Orellana v. Cartagena
MEMORANDUM OPINION finding that the Petition for the Return of the Child [Doc. 1 ] shall be GRANTED. The Child SHALL be returned to Honduras to allow a Honduran court to determine who shall have custody of the Child. Respondent SHALL return the Child to Honduras, the Child's habitual residence. The parties SHALL contact Chambers to set a hearing to address the means and manner of the Child's return to Honduras.Signed by Magistrate Judge C Clifford Shirley, Jr on November 20, 2017. (RLK)
UNITED STATES DISTRICT COURT
EASTERN DISTRICT OF TENNESSEE
IN RE THE APPLICATION OF OSMIN
MANUEL GUARDADO ORELLANA,
FIAMA MAGDALENA VELASQUEZ
This case is before the undersigned pursuant to 28 U.S.C. § 636(c), Rule 73(b) of the
Federal Rules of Civil Procedure, and the consent of the parties, for all further proceedings,
including entry of judgment. [Doc. 40]
This matter is before the Court on Petitioner’s Verified Complaint and Petition for Return
[Doc. 1]. The Petition alleges that Respondent wrongfully removed his child from
Honduras, and he seeks the return of his child to Honduras where an appropriate custody
determination can be made by a Honduras court. Upon agreement of the parties, the Court entered
several temporary restraining Orders [Docs. 4, 9, 17] to preserve the status quo pending resolution
of the matter. The Court held an evidentiary hearing in this case on August 31, 2017, and the
parties filed post-trial briefs [Docs. 60, 62, 64, 65]. Upon consideration of the parties’ arguments,
the evidence introduced in the record, and the relevant law, the Court GRANTS the Petition [Doc.
1] for the return of his child to Honduras.
This litigation relates to the alleged wrongful removal from Honduras and retention of
Petitioner’s child (hereinafter, “Child”) in the United States by the Child’s mother, Respondent.
[Doc. 1]. The parties do not dispute that Petitioner is the father of the Child, Respondent is the
mother of the Child, and that Petitioner and Respondent have never been married. [Doc. 53 at ¶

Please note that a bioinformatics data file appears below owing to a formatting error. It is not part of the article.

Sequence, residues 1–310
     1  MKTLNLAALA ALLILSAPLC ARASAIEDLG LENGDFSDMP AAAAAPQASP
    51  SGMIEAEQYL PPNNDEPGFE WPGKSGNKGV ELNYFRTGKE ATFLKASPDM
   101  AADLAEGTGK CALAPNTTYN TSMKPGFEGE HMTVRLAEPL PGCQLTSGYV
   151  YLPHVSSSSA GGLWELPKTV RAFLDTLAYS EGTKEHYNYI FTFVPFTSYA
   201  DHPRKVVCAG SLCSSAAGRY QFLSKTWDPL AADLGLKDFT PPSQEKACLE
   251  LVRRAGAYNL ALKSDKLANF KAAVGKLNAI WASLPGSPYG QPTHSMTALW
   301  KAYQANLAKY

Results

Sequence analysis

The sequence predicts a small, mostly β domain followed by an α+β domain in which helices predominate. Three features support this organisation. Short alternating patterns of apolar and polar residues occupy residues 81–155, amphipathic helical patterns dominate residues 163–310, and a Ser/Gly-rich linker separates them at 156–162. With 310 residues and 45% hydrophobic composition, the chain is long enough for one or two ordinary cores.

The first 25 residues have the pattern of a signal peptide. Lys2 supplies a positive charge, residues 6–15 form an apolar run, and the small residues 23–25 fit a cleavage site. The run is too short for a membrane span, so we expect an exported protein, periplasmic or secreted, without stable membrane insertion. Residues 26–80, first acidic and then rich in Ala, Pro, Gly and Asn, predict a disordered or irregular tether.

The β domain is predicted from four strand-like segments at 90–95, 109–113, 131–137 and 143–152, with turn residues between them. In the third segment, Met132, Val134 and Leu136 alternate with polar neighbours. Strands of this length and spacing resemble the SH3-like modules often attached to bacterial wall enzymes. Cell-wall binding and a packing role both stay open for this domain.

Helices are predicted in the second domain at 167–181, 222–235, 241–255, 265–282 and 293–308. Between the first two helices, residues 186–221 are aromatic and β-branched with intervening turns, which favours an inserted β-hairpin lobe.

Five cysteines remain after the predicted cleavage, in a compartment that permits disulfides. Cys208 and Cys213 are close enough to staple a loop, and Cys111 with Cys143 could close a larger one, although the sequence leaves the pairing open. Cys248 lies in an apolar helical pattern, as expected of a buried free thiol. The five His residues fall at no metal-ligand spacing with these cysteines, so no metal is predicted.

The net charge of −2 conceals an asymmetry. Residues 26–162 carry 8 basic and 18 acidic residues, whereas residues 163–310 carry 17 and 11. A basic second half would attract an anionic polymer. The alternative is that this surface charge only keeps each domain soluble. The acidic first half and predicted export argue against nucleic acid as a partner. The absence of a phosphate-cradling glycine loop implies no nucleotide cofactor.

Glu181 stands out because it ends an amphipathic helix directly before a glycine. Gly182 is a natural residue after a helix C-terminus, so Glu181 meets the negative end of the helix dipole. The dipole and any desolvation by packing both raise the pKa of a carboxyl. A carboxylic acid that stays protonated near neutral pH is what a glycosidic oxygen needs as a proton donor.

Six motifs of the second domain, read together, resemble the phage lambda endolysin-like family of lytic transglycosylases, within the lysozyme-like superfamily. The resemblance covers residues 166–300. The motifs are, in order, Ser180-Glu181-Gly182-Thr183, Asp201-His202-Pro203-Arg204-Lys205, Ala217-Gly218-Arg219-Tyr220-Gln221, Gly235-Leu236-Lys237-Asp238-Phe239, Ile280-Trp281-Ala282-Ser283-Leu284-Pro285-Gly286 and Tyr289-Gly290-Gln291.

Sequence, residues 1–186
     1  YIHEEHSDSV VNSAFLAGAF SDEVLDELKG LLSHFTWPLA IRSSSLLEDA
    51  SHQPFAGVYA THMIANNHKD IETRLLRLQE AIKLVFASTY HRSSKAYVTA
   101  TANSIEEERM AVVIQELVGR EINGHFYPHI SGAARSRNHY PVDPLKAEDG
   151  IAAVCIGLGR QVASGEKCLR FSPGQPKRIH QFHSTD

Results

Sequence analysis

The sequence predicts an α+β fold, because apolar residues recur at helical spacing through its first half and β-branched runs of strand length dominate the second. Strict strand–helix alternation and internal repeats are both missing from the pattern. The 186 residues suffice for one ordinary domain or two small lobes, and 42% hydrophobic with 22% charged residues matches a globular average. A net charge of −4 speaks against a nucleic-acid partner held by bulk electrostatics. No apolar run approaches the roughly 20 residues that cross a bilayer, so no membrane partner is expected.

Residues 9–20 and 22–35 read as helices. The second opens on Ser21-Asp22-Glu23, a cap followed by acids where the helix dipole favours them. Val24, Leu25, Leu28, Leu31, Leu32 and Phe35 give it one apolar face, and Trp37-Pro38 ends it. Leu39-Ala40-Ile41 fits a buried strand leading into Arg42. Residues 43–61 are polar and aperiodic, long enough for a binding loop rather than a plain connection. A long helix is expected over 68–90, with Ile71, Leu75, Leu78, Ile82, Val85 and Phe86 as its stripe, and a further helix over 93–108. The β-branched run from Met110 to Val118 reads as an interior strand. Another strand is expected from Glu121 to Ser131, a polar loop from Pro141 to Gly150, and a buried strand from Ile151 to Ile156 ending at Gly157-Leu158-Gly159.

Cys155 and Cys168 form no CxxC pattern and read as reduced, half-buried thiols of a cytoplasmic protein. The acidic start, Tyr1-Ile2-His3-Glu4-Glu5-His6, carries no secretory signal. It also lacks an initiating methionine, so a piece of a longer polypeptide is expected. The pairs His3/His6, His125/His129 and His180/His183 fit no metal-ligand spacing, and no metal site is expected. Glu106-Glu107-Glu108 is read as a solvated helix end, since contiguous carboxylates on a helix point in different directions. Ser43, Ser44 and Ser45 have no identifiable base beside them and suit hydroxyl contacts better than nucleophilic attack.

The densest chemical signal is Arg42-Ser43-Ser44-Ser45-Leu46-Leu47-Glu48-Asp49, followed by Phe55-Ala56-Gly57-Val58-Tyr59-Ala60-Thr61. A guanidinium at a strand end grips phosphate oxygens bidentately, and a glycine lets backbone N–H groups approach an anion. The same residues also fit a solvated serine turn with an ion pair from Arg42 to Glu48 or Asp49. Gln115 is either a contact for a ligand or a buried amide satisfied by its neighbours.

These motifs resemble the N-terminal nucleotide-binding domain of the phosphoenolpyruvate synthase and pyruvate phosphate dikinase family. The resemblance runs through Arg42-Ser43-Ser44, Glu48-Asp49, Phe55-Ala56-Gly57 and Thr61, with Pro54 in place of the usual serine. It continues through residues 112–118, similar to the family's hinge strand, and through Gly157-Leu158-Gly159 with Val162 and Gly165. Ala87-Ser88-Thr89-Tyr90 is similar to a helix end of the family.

1]. Further, the parties do not dispute that the Child was born in Honduras on November 14, 2013,
and that the Child resided solely in Honduras prior to her removal on or about September 11, 2015.
[Id. at ¶¶ 2-3]. In addition, the parties agree that Respondent did not discuss the Child’s removal
from Honduras with Petitioner before the Child was removed, nor did Respondent receive a
custody order from any Honduras court granting Respondent full custody of the Child. [Id. at ¶¶
Respondent alleges, however, that returning the Child to Honduras would pose a grave risk
and that doing so would expose the Child to physical or psychological harm or otherwise place the
Child in an intolerable situation. [Doc. 34 at 3]. In addition, Respondent argues that returning the
Child would not be permitted by the fundamental principles relating to the protection of human
rights and fundamental freedom. [Id.].
During the evidentiary hearing in this matter, four witnesses testified: (1) Osmin Manuel
Guardado Orellana, (2) Natali Garay, (3) Fiama Magdalena Velasquez Cartagena, and (4) Carlos
Garay. The Court will summarize the testimony of each witness.
The Testimony of Osmin Manuel Guardado Orellana (“Petitioner”)
Petitioner testified that he is a machinist at a palm oil plant. He stated that prior to the
Child’s removal, the Child lived with him and his family, including Respondent and Respondent’s
son from her prior relationship with Carlos Garay. Petitioner described his relationship with the
Child as a nice relationship and that the Child had a good relationship with Petitioner’s mother and
family. He continued that the Child would wait for Petitioner to get home from work and that they
played together and watched television together. Petitioner testified that he provided food and
clothing for the Child and that the Child attended church regularly with Petitioner. In addition,
Petitioner stated that he and the Child celebrated birthdays together, including the Child’s birthday,
and they do activities together. Petitioner further testified that the Child visited the doctor
frequently, she was healthy, and her shots were up to date. In support of his testimony, Petitioner
submitted the Child’s medical records, [Ex. B], and a photograph of Petitioner, Respondent and
the Child that was taken on the Child’s birthday. [Ex. C].